Archive for October, 2009

Troubleshooting At The Dehydration & Compression Station

Natural gas transported through common carrier pipelines must meet a moisture specification of 7 pounds of water per MMscf. Gas is usually dried to meet this requirement by scrubbing with a concentrated glycol solution. Figure 6-1 shows a standard glycol contactor tower, regenerator, and pump. Gas flows into the bottom of this tower where entrained …

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Process Cooling – Glycol Dehidrator Increase Gas Temperature

We invariably cool the compressor discharge prior to dehydration. Unfortunately, natural gas will be reheated—sometimes by 10°F — in a typical gas field dehydration contactor. This occurs because of two factors: • The circulating glycol may be 70° hotter than the contactor gas inlet temperature. • The heat of condensation or absorption of the water …

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Process Cooling – Excessive Gas Inlet Temperature

There are three factors which increase an air cooler’s inlet temperature: • The compressor valves are faulty. • The compression ratio has increased. • High pressure, high temperature natural gas is being produced from the wellhead. heat transfer surface area) a 10°F increase in compressor discharge temperature may increase the air cooler outlet temperature by …

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Process Cooling – Gas Side Problems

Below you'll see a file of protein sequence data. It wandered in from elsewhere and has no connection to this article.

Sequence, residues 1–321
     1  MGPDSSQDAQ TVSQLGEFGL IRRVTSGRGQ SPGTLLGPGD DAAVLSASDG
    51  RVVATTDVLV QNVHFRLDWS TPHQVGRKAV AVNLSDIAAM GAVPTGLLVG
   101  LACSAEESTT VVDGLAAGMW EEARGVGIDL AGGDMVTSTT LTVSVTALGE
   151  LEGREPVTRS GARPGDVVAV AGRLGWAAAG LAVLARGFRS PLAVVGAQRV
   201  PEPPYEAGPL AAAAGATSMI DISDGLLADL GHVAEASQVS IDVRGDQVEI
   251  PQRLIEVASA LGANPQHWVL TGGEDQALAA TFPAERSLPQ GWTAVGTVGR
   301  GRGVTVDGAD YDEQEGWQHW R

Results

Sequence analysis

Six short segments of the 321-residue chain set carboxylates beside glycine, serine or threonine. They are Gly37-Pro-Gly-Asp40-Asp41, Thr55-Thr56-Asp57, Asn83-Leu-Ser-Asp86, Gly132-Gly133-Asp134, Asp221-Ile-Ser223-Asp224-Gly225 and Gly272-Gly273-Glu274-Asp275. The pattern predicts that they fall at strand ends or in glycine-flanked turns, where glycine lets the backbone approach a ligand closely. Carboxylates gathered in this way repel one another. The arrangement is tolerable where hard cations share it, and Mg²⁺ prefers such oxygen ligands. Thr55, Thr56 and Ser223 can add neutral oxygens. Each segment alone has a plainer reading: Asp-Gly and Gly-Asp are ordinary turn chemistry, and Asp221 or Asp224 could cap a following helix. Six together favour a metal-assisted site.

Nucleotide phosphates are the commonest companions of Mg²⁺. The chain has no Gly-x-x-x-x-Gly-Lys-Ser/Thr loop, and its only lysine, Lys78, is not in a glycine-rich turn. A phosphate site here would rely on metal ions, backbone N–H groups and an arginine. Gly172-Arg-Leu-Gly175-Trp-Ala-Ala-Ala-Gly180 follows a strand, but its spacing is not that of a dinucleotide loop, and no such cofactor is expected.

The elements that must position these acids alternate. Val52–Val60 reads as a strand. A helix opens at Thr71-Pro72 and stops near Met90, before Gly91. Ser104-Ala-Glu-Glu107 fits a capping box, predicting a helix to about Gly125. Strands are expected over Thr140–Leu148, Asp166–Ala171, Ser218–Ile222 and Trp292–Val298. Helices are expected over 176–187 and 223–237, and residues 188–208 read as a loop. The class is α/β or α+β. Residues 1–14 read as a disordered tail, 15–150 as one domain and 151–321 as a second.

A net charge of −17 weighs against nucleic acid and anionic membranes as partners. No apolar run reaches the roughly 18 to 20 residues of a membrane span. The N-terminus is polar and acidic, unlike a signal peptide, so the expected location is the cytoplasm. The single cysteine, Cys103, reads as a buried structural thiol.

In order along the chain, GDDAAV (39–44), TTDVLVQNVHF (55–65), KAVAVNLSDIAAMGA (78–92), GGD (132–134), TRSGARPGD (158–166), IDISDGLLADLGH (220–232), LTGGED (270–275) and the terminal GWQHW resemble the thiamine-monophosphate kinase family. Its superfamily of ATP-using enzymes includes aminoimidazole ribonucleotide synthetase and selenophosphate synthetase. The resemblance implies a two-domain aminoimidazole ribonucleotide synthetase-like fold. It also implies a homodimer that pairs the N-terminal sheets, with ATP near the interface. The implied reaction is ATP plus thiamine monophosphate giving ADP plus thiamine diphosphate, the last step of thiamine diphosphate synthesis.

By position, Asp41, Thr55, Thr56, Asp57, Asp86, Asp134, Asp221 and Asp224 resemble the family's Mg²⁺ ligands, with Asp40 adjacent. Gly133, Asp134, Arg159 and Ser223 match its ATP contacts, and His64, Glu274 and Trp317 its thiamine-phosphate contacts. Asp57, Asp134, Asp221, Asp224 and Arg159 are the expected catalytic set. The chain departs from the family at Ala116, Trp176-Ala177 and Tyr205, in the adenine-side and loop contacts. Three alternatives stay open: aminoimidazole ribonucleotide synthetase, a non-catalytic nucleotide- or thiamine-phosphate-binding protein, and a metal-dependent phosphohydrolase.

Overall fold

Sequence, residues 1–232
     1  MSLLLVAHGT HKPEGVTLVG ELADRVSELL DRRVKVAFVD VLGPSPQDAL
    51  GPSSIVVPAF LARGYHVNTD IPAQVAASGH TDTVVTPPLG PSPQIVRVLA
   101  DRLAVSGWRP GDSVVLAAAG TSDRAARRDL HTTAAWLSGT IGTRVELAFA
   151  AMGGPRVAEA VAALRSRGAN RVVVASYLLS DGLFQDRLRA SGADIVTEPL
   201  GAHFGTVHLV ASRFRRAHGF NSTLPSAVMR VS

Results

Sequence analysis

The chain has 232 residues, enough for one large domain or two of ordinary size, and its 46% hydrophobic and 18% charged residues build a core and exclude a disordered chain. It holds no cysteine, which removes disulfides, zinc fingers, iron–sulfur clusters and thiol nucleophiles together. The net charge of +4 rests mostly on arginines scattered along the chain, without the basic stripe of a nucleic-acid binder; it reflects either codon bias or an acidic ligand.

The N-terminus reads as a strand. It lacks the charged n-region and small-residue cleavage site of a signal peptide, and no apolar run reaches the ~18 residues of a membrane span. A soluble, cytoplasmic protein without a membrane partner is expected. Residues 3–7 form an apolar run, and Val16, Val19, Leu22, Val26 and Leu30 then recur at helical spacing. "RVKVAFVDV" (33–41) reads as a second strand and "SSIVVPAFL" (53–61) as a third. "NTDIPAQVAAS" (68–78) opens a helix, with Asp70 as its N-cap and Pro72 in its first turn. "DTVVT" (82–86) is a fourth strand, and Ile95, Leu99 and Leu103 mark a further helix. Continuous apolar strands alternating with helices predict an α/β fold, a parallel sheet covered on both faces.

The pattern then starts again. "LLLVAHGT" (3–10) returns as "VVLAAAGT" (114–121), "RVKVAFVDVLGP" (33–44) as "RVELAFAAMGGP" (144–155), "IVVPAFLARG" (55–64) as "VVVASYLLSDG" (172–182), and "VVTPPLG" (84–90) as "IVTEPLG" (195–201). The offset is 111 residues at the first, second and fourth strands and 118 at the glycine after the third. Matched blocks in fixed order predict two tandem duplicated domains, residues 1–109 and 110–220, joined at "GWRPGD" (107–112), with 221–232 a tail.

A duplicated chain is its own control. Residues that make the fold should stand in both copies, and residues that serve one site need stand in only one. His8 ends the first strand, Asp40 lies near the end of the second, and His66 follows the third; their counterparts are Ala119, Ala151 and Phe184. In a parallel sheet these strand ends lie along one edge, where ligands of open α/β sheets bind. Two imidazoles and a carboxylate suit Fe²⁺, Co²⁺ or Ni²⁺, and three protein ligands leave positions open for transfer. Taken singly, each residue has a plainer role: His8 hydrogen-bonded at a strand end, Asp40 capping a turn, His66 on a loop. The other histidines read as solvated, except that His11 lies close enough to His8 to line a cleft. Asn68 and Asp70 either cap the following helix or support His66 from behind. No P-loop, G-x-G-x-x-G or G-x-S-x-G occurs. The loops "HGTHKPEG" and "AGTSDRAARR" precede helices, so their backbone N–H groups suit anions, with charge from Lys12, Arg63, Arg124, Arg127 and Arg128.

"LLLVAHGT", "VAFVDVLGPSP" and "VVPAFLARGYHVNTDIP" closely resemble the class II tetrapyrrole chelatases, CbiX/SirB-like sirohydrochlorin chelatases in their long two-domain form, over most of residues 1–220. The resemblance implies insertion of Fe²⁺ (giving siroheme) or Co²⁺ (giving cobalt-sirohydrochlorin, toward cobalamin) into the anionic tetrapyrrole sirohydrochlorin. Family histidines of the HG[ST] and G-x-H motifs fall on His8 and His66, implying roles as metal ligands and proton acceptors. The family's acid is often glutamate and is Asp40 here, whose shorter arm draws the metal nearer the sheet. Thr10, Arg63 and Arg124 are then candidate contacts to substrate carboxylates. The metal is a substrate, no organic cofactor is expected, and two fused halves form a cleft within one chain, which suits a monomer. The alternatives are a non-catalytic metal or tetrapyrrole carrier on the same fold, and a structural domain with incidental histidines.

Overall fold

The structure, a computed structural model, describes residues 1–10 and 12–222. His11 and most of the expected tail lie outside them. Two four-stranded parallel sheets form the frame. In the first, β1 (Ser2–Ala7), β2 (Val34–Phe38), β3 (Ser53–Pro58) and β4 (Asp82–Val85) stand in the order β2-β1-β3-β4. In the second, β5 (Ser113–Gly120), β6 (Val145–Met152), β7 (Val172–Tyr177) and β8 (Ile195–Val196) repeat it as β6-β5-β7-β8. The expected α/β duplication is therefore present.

Whenever finned—tubed cooling bundles are arranged in parallel, as shown in figure 5-2, a potential exists for poor cooling due to gas maldistribution. A low gas outlet temperature from an individual bundle is indicative of lack of gas flow through that bundle. To correct this situation, measure the total pressure drop across the coolers. Next, …

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Process Cooling – Fan Blade Pitch

Air flow from a fan will vary considerably with the blade pitch. The pitch is adjustable. To save engine horsepower, an operator may set the blade pitch at 15° during the winter. During the summer, he may attempt to maximize air flow by setting the blade pitch up to maximum—22.5°. Almost all fan cooler blades …

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Process Cooling – Fan Tip Speed

Most fans are designed for a maximum fan tip speed of 14,000 feet per minute. To calculate the tip speed of the fan, do not calculate the fan rpm, from the pulley size and driver speed. The belts may be slipping. Measure the fan speed directly with a tachometer. Then calculate the fan tip speed …

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Process Cooling – Gas Cooling

Underground gas transmission pipelines are externally wrapped in a protective plastic type coating. Gas temperatures in excess of 130°F to 140″F can cause embrittlement and eventual failure of this coating. For this reason, the usual industry practice is to specify that natural gas discharging into a transmission pipeline be cooled to less than 120°F. Also …

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